CoCoRaHS Hail Week 2021


"CoCoRaHS Hail Week" -- April 11-17, 2021

Join us in creating 'Hail Awareness' during our annual "CoCoRaHS Hail Week". Most of us see hail in our backyards from time to time and many of us will even experience a hailstorm this month. Learn more about hail, including how to observe and report it, as we explore this icy phenomena all week long.

  • Monday: "Watch the CoCoRaHS animation on How to Measure Hail" This YouTube animation will help you prepare to measure hail in your yard. Hail Video
  • Tuesday: "Five things you always wanted to know about hail, but were afraid to ask" We will feature some interesting facts about those falling balls of ice.
  • Wednesday: "CoCoRaHS Hail Reports . . . What are they, how can I access them?" How you can help report hail.
  • Thursday: "CoCoRaHS Hail Pads" How to make a hail pad . . . it's fun and easy to do.
  • Friday: "CoCoRaHS Hail Photo Day" Have a great/unique photo of hail? E-mail it to us today!
  • Saturday/Sunday: "CoCoRaHS National ‘Put out your Hail Pad’ Weekend" Have a hail pad? . . . join thousands around the country who will put out their hail pads this weekend. It’s that time of year!

To find out more about hail, visit our CoCoRaHS Hail Page by clicking here: Hail Information


MONDAY: CoCoRaHS Animation on “How to Measure Hail”

Many folks have asked how do I record and measure hail? Our hail animation short will help you to be ready and know what to do when hail makes it’s occasional visit to your location.

To view our four minute animation click here


TUESDAY: "Five Interesting Facts About Those Frozen Balls of Ice"

Over the years CoCoRaHS has become one of few repositories of hail information in the nation. Thanks to your observations, we are able to catalogue hail reports from all fifty states. As we strive to become more 'hail aware' here are five things you may or may not know about hail.

1) Hail comes in many shapes and sizes, ranging from rice sized pellets (1/8") to giant softballs (4 1/2"). Hail can be clear or white or a combination of the two. Hail can be hard or soft. Wind patterns usually form hailstones into balls, but they can also appear in other shapes, such as cones, discs, stars, pyramids, or just strange looking pointy blobs. We've even had reports of donut shaped stones!

2) On July 23, 2010, the largest hailstone ever recorded in the United States in terms of diameter and weight fell in Vivian, South Dakota. The stone had a diameter of 8.0 inches with a circumference of 18.625 inches and weighed 1.9 pounds. No one was injured. This hailstone broke the previous United States hail size record for diameter (7.0 inches - 22 June 2003 in Aurora, NE) and weight (1.67 pounds - 3 September 1970 in Coffeyville, KS). The Aurora, Nebraska hailstone will retain the record for circumference (18.75 inches). 

3) In North America, hail is most common on the High Plains just east of the Rocky Mountains. For example where Colorado, Nebraska, and Wyoming's borders meet just east of Cheyenne, WY there are an average of 9 to 10 hailstorms each year. Hail in this region occurs between the months of March and October mostly during the afternoon and evening hours, with the bulk of the occurrences from May through September.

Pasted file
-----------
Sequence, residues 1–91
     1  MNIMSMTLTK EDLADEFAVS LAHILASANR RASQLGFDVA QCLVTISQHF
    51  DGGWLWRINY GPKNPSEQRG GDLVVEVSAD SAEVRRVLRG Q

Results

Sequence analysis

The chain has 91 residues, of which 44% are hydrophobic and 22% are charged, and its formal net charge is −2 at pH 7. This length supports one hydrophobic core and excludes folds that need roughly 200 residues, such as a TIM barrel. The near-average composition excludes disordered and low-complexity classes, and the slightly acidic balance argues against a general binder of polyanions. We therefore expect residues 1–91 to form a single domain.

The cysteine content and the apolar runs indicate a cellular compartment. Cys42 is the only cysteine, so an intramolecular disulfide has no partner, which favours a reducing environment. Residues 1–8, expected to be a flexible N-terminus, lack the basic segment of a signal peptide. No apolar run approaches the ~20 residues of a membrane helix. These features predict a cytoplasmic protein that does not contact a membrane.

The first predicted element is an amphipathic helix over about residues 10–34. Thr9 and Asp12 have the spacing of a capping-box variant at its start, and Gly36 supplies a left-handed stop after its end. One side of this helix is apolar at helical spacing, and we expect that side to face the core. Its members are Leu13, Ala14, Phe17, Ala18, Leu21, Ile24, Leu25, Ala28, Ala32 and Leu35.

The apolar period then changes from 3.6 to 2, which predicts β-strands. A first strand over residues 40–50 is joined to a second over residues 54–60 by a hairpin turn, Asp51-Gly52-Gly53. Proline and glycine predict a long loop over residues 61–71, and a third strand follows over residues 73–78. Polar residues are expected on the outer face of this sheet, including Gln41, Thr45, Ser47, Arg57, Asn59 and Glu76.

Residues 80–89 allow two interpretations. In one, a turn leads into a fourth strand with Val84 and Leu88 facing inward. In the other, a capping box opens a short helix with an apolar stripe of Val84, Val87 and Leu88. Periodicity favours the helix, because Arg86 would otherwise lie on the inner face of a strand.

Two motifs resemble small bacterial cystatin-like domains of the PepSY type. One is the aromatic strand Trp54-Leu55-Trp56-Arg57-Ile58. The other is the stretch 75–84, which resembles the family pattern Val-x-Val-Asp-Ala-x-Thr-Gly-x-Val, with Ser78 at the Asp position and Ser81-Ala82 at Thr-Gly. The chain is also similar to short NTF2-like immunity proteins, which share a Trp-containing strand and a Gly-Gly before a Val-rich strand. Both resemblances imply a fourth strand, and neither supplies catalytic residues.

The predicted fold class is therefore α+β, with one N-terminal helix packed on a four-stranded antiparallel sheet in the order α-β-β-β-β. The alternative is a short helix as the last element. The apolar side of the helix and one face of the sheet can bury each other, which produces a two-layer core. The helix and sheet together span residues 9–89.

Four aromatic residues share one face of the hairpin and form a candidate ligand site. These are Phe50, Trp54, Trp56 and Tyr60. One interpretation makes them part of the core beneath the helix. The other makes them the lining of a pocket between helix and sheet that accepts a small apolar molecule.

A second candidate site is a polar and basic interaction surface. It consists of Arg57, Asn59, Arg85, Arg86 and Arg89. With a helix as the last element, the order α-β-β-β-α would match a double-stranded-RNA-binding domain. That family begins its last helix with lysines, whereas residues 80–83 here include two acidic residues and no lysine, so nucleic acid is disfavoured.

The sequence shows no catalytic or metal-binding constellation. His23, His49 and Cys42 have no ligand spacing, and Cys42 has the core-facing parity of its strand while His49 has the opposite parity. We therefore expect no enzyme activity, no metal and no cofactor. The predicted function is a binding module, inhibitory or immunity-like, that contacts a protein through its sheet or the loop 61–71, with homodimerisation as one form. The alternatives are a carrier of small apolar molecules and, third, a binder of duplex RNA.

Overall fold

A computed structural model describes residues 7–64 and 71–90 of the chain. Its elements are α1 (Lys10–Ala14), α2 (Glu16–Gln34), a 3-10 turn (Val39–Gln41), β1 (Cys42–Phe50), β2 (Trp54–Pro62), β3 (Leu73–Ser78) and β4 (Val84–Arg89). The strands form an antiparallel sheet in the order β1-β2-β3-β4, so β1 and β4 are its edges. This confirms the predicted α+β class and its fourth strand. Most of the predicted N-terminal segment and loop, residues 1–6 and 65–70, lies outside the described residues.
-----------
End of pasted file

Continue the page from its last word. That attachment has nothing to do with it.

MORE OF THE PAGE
4) Hail suppression has been tried by many over the years including silver iodide cloud seeding and types of rockets. "Hail cannons" whose "LOUD" acoustic burst is believed to break-up hail while it is just forming, are still being used in some areas where fruit and vegetables are grown extensively. 

5) Hail is found in many countries around the world, such as China. In June 1932 a hailstorm killed an estimated 200 people, and injured thousands more there. Other countries with frequent hailstorms include southern and western Germany, northern Italy, northern India and Croatia.



WEDNESDAY: CoCoRaHS Hail Reports . . . What are they, how can I access them?

Thanks so much for your CoCoRaHS hail reports. You may not realize it, but there are very few sources for accurate data about hail. Most weather stations don't even measure or report hail. Scientists have great difficulty finding good data to help analyze hail storm patterns, frequencies, probabilities, etc. Therefore, our CoCoRaHS hail reports are especially important. Check out CHILL Radar expert Pat Kennedy's article on the important role that CoCoRaHS observers can play during hailstorms.

If you experience hail at your location (even the small stuff) please use the CoCoRaHS hail report form to submit a report. Even if you don't have much information about the hail or weren't home to know exactly when it happened, still send in a report: Hail Report

Hail pads help us document the size and number of stones. If hail pads are not provided in your area, you can make your own: Making Hail Pads. More on this subject tomorrow!

Please report hail even if you don't have a CoCoRaHS hail pad: Measure Hail